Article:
It was a day like all others biking down the West Side Highway to work. Then BAM! Right out of nowhere a spandex-clad cyclist slammed into me from behind. I quickly grabbed his handlebars to protect the biker’s cranium from hitting the pavement. He reciprocated with loud shouts questioning my intelligence. When the disturbed human pedaled off, I noticed in his backpack two miniature dogs. Looking down at my bloodied hands, hearing the sad barks in the distance, I pondered the future of society as it races towards automation.
In the recent Democratic debate there was little discussion about the rise of artificial intelligent systems and its impact on America’s citizenry. While Andrew Yang touted his sweepstakes of a $1,000 a month for 10 website registrants, the issue largely fell on deaf ears. Ironically, technology has become so ingrained into people’s lives that Maslow’s “Hierarchy of Needs” requires an update. The toxicity of politics and declining civility of the electorate is rooted in the addiction of 120 character news cycles and idolized selfie-promoted social networks. The real educational debate is not between charter and public schools, but evolving the curriculum to meet modern demands. Graduating students with the hopes of entering a growing mechanized workforce need to be re-engineered with lifelong learning skills which better adapt to an evolving humanity.
So far only two candidates, Mayor Bill de Blasio and entrepreneur Andrew Yang, have drafted proposals to address the impending robot revolution. Mayor de Blasio of New York City aims to slow the adoption of autonomous systems by imposing a “robot tax” on large corporations that replace workers with machines. In Wired recently, de Blasio opined, “The scale of automation in our economy is increasing far faster than most people realize, and its impact on working people in America and across the world, unless corralled, will be devastating. Already, according to the Brookings Institution, 36 million American jobs are ‘highly likely’ to be automated out of existence in the coming decades.” The idea of a robot tax was first suggested by Microsoft founder Bill Gates in 2017 to address the loss of payroll revenues with bots replacing workers in large numbers. Payroll taxes account for more than one-third of the annual federal budget or close to $1.3 trillion. The Mayor, if elected (currently his polling is below the minimum threshold to even qualify for the debates), will enact a new federal agency to address the issue of job displacement. “My plan calls for a new federal agency, the Federal Automation and Worker Protection Agency (FAWPA), to oversee automation and safeguard jobs and communities,” exclaims de Blasio.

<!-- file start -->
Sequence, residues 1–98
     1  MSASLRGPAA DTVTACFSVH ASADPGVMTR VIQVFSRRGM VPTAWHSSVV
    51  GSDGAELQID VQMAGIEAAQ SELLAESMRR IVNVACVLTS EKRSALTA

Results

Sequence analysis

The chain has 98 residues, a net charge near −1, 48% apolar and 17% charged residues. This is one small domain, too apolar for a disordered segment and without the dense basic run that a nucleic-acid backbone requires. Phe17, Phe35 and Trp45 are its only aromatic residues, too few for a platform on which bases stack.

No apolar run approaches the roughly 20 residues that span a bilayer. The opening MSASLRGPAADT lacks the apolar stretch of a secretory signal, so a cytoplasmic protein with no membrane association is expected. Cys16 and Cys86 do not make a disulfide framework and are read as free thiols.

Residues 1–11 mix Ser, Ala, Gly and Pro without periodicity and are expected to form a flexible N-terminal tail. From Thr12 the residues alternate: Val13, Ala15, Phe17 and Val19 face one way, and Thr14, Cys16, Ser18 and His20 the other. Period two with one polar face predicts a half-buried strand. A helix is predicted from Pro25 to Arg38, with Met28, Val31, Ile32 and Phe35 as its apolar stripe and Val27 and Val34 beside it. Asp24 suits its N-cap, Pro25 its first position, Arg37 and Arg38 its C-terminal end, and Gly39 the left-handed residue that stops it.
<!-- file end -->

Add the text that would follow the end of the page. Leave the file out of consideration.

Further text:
The other future-orientated candidate is Andrew Yang, a former RobotLab speaker and founder of Venture For America (VFA). Yang, a successful businessman, believes strongly in the power of startups to transform economically-challenged communities. “For years I believed new business formation was the answer—if we could train a new generation of entrepreneurs and create the right jobs in the right places, we could stop the downward spiral of growing income inequality, poverty, unemployment, and hopelessness,” explains Yang. However, even with the success of VFA in 14 cities, the non-politician demurs its impact in reversing the tide of automation, “It became clear to me that job creation will not outpace the massive impending job loss due to automation. Those days are simply over.” The Yang2020 website presents the distressing statistics very succinctly: “New technologies – robots, software, artificial intelligence – have already destroyed more than 4 million US jobs, and in the next 5-10 years, they will eliminate millions more. A third of all American workers are at risk of permanent unemployment.” The answer, stresses Yang, is Universal Basic Income, “As president, my first priority will be to implement the Freedom Dividend, a universal basic income (UBI) for every American adult over the age of 18: $1,000 a month, no strings attached, paid for by a new tax on the companies benefiting most from automation.”